May 15, 2014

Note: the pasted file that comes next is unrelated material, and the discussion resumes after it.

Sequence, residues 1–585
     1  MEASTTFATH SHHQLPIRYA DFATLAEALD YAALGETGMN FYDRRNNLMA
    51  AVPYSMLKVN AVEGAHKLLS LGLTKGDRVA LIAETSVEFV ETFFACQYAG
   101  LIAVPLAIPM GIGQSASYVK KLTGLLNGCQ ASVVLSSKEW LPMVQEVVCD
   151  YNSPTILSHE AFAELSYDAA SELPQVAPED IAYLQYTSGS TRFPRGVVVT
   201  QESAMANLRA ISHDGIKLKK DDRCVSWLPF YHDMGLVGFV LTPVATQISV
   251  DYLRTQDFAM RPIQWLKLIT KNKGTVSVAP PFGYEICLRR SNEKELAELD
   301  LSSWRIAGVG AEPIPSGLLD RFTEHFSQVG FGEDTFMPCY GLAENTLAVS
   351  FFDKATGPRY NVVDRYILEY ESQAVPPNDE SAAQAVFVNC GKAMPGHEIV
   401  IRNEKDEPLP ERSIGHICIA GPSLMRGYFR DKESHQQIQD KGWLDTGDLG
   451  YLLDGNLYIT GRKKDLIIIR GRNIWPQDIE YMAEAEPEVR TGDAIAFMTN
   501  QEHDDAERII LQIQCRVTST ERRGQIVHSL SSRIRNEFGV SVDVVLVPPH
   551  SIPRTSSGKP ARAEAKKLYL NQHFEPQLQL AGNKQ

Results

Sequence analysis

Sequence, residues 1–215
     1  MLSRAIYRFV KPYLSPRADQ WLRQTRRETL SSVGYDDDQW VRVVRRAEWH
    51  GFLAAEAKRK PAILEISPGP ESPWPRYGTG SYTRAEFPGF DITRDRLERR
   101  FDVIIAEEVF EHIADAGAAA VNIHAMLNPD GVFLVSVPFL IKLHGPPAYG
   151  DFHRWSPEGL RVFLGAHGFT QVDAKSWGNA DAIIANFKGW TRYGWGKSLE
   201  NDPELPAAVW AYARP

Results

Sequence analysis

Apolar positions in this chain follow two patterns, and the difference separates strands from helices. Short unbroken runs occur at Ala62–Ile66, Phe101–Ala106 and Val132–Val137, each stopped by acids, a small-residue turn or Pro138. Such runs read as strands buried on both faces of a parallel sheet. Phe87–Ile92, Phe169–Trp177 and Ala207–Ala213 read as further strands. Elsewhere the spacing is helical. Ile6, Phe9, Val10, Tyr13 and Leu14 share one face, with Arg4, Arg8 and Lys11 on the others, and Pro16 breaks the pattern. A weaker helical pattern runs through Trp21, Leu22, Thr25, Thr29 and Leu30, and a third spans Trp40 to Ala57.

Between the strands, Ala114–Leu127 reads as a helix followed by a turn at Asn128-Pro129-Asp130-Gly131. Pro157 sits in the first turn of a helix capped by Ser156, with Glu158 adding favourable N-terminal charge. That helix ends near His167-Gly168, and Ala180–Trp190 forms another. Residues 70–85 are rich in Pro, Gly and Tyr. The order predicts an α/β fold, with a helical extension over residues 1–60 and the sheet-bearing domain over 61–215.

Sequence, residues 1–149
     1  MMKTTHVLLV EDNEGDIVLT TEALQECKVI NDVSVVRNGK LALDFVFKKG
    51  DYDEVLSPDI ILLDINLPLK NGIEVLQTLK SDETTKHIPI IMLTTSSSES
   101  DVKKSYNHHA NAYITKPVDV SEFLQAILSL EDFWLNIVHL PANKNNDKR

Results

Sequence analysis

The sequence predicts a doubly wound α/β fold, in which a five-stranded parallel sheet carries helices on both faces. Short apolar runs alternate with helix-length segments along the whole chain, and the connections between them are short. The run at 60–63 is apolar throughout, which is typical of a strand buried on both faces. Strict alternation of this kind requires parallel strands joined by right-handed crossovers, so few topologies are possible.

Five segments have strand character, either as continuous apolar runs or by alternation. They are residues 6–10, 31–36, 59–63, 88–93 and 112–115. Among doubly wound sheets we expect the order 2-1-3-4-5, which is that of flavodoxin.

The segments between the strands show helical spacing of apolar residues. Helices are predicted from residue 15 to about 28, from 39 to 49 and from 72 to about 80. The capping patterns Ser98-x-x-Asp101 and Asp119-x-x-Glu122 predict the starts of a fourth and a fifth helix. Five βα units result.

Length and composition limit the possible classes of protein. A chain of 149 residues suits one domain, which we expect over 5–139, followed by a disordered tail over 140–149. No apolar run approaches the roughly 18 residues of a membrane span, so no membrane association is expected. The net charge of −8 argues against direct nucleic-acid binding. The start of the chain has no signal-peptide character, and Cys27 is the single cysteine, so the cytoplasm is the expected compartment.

Hello family and friends! Today was a busy, but glorious day! We started our morning by going to the Hanging Gardens. This was a beautiful place, filled with luscious plants, flowers, and of course trees with unique hanging branches. The flowers were so lush and colorful and there were even bushes sculpted into different animals. The gardens were so quiet and peaceful. It was easy to see why the locals enjoyed congregating there, and was a stark contrast to the busy and often dirty streets of Mumbai. While there, we saw several people who were chatting with friends, finding a quiet place to meditate, and even taking a nap! There was also a dirt path around the edge of the garden that circled the entire park. If we were in the United States I’m sure it would have been used as a track, for all the “mall walkers” trying to exercise. Instead, it was a nice space to stroll and enjoy nature. (I for one would choose the garden walking over mall walking any day!)